In Sweden there are 7 freshwater mussel species, where 4 of these species are endangered. Due to the already low number of mussels species in Sweden, it is important that we focus on having healthy populations of all species, which provides with higher productivity of unique ecosystem services. The thick-shelled river mussel (Unio crassus) is one of Sweden’s most endangered mussel species. The primary belief for its endangered status is skewed age distribution, with most populations consisting of older individuals. This skewed age distribution could be due to high vulnerability of juveniles but could also be due to low detection of juveniles.
Estimation of life history traits can lead to better understanding of why a mussel populations and species are diminishing. Life history estimates can also lead to better conservation due to knowing where help is needed in a mussels life stage. This can be done by either tracking individuals to measure survival and reproduction, or study the age, stage, or size distribution of a population.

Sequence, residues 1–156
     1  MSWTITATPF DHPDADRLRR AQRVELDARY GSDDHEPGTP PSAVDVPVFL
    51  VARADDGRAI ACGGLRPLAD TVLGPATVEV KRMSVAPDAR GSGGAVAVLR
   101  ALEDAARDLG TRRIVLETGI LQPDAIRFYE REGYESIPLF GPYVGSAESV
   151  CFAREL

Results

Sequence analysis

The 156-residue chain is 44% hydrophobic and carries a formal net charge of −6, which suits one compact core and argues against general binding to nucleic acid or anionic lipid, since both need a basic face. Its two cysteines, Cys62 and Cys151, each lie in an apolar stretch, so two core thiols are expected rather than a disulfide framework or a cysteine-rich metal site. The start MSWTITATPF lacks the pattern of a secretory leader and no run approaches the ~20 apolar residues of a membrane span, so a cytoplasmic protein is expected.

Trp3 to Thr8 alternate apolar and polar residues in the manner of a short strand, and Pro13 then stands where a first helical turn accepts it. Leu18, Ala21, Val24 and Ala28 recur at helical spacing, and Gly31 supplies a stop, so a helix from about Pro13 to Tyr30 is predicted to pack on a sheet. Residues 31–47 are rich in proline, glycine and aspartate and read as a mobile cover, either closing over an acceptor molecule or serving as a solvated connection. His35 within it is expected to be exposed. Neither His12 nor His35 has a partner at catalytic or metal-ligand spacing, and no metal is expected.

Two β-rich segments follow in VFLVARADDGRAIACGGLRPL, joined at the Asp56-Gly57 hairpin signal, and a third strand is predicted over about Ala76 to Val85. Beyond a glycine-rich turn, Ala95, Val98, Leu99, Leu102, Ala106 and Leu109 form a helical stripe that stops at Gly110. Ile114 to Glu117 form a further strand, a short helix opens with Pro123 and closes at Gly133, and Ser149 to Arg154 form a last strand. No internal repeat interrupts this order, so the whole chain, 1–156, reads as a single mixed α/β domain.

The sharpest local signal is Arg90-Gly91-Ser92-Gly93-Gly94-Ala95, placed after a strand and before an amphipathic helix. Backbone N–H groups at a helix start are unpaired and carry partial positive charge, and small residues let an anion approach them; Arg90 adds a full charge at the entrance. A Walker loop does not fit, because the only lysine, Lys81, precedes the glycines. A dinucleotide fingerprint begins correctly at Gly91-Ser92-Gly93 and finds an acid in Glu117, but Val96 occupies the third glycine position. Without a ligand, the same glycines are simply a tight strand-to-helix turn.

Skewed age distribution for mussels is primarily skewed size distributions, most populations consisting of larger individuals. Size can be used as a proxy for age. Larger individuals are usually older but abiotic factors and compounds could have an effect on growth, leading to individuals in one watercourse being larger than in another.
My aim was to estimate life history parameters for U crassus:
- I used yearly growth increments from shells to test if variation in growth can be explained by abiotic factors.
- I estimated fecundity and survivability for juvenile Swedish U. crassus using size distribution data from large scale monitoring of nineteen known sites in SE Sweden.
- Size distribution data was used also to estimate the effect of various abiotic factors on the detection probability of juvenile and adult mussels and to investigate if juvenile mussels are often not detected.